Here is a response to your profession of faith: I am angry that you are not of my belief, but we will not both go to Paradise, except to argue about fluids. I embrace you with all my heart.

Whether the closing salutation [in French: Je vous embrasse de tout coeur] was merely a standard courtesy of the day or a genuine expression of fondness, the existence of the correspondence itself does suggest that relations between the two men were of a sufficiently cordial professional nature, even if not as personally close as Black suggested.

[12] Although his personal friendship with Turgot led to preferments (e.g., Turgot’s earmarking of a significant portion of the government’s funding for the Academy specifically to support Condorcet's research) that complicated Condorcet’s early relations with other Academicians, his 1776 election as the Academy’s Permanent Secretary was unanimous.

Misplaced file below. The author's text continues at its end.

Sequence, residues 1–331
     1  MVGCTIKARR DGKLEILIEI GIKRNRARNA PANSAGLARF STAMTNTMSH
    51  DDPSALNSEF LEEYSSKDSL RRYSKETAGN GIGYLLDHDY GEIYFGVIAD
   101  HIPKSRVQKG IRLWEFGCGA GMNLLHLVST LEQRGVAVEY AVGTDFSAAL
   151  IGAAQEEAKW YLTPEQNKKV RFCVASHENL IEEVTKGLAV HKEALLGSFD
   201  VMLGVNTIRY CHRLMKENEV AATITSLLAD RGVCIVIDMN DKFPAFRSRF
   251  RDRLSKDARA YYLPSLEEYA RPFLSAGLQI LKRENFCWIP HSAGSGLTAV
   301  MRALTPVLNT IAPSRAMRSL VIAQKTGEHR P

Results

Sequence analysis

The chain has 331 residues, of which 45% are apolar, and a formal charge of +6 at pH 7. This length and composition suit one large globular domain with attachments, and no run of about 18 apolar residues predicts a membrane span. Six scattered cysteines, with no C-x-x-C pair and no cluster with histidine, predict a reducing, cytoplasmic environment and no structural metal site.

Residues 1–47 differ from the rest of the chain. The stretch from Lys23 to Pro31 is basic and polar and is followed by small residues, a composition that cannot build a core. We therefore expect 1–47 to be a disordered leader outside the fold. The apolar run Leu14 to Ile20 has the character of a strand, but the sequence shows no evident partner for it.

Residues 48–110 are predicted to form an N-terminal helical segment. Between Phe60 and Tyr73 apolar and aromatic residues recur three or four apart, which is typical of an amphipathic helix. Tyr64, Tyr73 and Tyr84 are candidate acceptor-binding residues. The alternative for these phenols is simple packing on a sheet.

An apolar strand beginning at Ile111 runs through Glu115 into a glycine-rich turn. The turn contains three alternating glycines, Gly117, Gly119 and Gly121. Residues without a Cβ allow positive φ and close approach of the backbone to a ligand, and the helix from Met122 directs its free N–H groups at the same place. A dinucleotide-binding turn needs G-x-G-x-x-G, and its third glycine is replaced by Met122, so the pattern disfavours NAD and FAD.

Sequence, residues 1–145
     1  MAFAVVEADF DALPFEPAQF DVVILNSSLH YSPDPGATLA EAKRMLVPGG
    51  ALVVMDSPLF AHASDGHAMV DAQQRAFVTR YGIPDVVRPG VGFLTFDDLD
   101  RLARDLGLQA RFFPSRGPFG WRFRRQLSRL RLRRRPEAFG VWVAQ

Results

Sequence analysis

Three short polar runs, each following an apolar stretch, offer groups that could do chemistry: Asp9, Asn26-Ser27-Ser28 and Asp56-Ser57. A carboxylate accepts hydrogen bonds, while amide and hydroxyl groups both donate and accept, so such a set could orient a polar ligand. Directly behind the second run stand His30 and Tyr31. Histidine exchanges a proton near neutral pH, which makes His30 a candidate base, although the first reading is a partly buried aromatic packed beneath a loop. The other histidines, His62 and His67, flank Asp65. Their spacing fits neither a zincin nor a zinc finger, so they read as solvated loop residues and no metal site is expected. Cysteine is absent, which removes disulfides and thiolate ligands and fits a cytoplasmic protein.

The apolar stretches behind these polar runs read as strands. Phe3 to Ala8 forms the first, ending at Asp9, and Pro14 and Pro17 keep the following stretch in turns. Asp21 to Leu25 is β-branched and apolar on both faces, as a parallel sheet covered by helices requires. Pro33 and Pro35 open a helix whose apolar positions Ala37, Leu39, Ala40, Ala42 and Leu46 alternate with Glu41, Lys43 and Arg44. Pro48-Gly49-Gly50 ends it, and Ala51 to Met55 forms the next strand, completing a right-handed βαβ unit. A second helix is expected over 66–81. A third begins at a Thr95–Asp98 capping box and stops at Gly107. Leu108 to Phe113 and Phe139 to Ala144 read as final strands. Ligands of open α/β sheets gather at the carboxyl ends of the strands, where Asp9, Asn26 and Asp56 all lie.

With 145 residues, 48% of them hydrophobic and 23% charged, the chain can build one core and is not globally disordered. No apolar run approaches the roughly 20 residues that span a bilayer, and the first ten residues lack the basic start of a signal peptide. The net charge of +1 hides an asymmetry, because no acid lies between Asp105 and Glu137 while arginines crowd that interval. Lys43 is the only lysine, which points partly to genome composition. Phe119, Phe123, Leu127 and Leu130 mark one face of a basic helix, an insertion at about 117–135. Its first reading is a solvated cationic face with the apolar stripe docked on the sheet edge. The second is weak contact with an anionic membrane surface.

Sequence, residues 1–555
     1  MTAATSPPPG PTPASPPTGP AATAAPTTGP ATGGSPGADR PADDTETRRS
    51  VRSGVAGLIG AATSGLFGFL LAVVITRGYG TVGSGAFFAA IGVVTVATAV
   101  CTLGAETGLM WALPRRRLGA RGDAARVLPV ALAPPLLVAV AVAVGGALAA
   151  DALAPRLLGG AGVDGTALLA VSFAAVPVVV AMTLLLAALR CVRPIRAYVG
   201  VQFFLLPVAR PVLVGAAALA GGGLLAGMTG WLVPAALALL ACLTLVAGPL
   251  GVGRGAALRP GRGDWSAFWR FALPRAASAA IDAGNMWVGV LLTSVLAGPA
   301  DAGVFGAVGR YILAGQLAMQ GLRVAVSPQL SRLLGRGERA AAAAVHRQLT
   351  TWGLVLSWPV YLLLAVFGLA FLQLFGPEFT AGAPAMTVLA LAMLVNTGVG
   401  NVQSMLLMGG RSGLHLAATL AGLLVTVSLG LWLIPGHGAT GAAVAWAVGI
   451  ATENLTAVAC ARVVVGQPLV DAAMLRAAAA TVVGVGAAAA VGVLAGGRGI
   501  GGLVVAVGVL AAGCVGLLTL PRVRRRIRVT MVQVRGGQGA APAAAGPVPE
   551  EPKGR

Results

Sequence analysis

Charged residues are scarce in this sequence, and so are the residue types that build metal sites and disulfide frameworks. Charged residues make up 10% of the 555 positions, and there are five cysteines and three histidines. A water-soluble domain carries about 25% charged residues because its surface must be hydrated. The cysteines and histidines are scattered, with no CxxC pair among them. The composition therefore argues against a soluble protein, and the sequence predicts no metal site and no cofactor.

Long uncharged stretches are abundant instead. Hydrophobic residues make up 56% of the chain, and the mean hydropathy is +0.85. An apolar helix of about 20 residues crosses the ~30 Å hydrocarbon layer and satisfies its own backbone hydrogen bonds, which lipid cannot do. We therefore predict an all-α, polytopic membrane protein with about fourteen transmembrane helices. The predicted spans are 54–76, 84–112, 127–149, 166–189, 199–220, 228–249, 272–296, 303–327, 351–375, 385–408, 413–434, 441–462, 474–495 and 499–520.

[13] Another of Condorcet’s responsibilities as Permanent Secretary was the preparation of official eulogies for Academicians and other important mathematicians and scientists. In all, he composed over fifty such eulogies, including those of his friend d'Alembert and his enemy Buffon, often inserting comments about mathematics, science and their role in society that were reflective of his own views, rather than those held by the subject of the eulogy.